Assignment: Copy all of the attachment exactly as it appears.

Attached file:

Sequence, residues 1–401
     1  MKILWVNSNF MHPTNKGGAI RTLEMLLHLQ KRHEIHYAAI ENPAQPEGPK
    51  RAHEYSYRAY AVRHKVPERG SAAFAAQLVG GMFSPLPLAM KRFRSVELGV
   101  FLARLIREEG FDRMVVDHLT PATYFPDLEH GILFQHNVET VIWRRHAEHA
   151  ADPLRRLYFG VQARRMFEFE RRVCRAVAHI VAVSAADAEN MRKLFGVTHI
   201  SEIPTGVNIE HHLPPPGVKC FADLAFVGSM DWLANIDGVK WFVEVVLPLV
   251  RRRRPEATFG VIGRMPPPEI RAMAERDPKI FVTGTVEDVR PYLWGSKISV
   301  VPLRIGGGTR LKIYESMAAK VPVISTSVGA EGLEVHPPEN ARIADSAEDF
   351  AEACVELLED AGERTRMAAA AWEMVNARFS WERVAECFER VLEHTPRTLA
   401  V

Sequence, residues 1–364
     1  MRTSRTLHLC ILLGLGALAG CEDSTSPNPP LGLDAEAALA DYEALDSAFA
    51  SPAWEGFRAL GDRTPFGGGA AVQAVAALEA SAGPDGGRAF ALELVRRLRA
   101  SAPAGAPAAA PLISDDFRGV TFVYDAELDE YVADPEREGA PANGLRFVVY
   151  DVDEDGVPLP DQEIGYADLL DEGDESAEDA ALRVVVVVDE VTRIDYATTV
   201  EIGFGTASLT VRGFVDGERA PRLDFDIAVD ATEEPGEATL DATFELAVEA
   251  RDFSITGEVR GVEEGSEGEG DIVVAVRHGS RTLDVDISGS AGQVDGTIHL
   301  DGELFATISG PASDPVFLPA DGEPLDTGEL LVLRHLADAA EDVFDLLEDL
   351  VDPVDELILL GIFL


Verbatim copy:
Sequence, residues 1–401
     1  MKILWVNSNF MHPTNKGGAI RTLEMLLHLQ KRHEIHYAAI ENPAQPEGPK
    51  RAHEYSYRAY AVRHKVPERG SAAFAAQLVG GMFSPLPLAM KRFRSVELGV
   101  FLARLIREEG FDRMVVDHLT PATYFPDLEH GILFQHNVET VIWRRHAEHA
   151  ADPLRRLYFG VQARRMFEFE RRVCRAVAHI VAVSAADAEN MRKLFGVTHI
   201  SEIPTGVNIE HHLPPPGVKC FADLAFVGSM DWLANIDGVK WFVEVVLPLV
   251  RRRRPEATFG VIGRMPPPEI RAMAERDPKI FVTGTVEDVR PYLWGSKISV
   301  VPLRIGGGTR LKIYESMAAK VPVISTSVGA EGLEVHPPEN ARIADSAEDF
   351  AEACVELLED AGERTRMAAA AWEMVNARFS WERVAECFER VLEHTPRTLA
   401  V

Sequence, residues 1–364
     1  MRTSRTLHLC ILLGLGALAG CEDSTSPNPP LGLDAEAALA DYEALDSAFA
    51  SPAWEGFRAL GDRTPFGGGA AVQAVAALEA SAGPDGGRAF ALELVRRLRA
   101  SAPAGAPAAA PLISDDFRGV TFVYDAELDE YVADPEREGA PANGLRFVVY
   151  DVDEDGVPLP DQEIGYADLL DEGDESAEDA ALRVVVVVDE VTRIDYATTV
   201  EIGFGTASLT VRGFVDGERA PRLDFDIAVD ATEEPGEATL DATFELAVEA
   251  RDFSITGEVR GVEEGSEGEG DIVVAVRHGS RTLDVDISGS AGQVDGTIHL
   301  DGELFATISG PASDPVFLPA DGEPLDTGEL LVLRHLADAA EDVFDLLEDL
   351  VDPVDELILL GIFL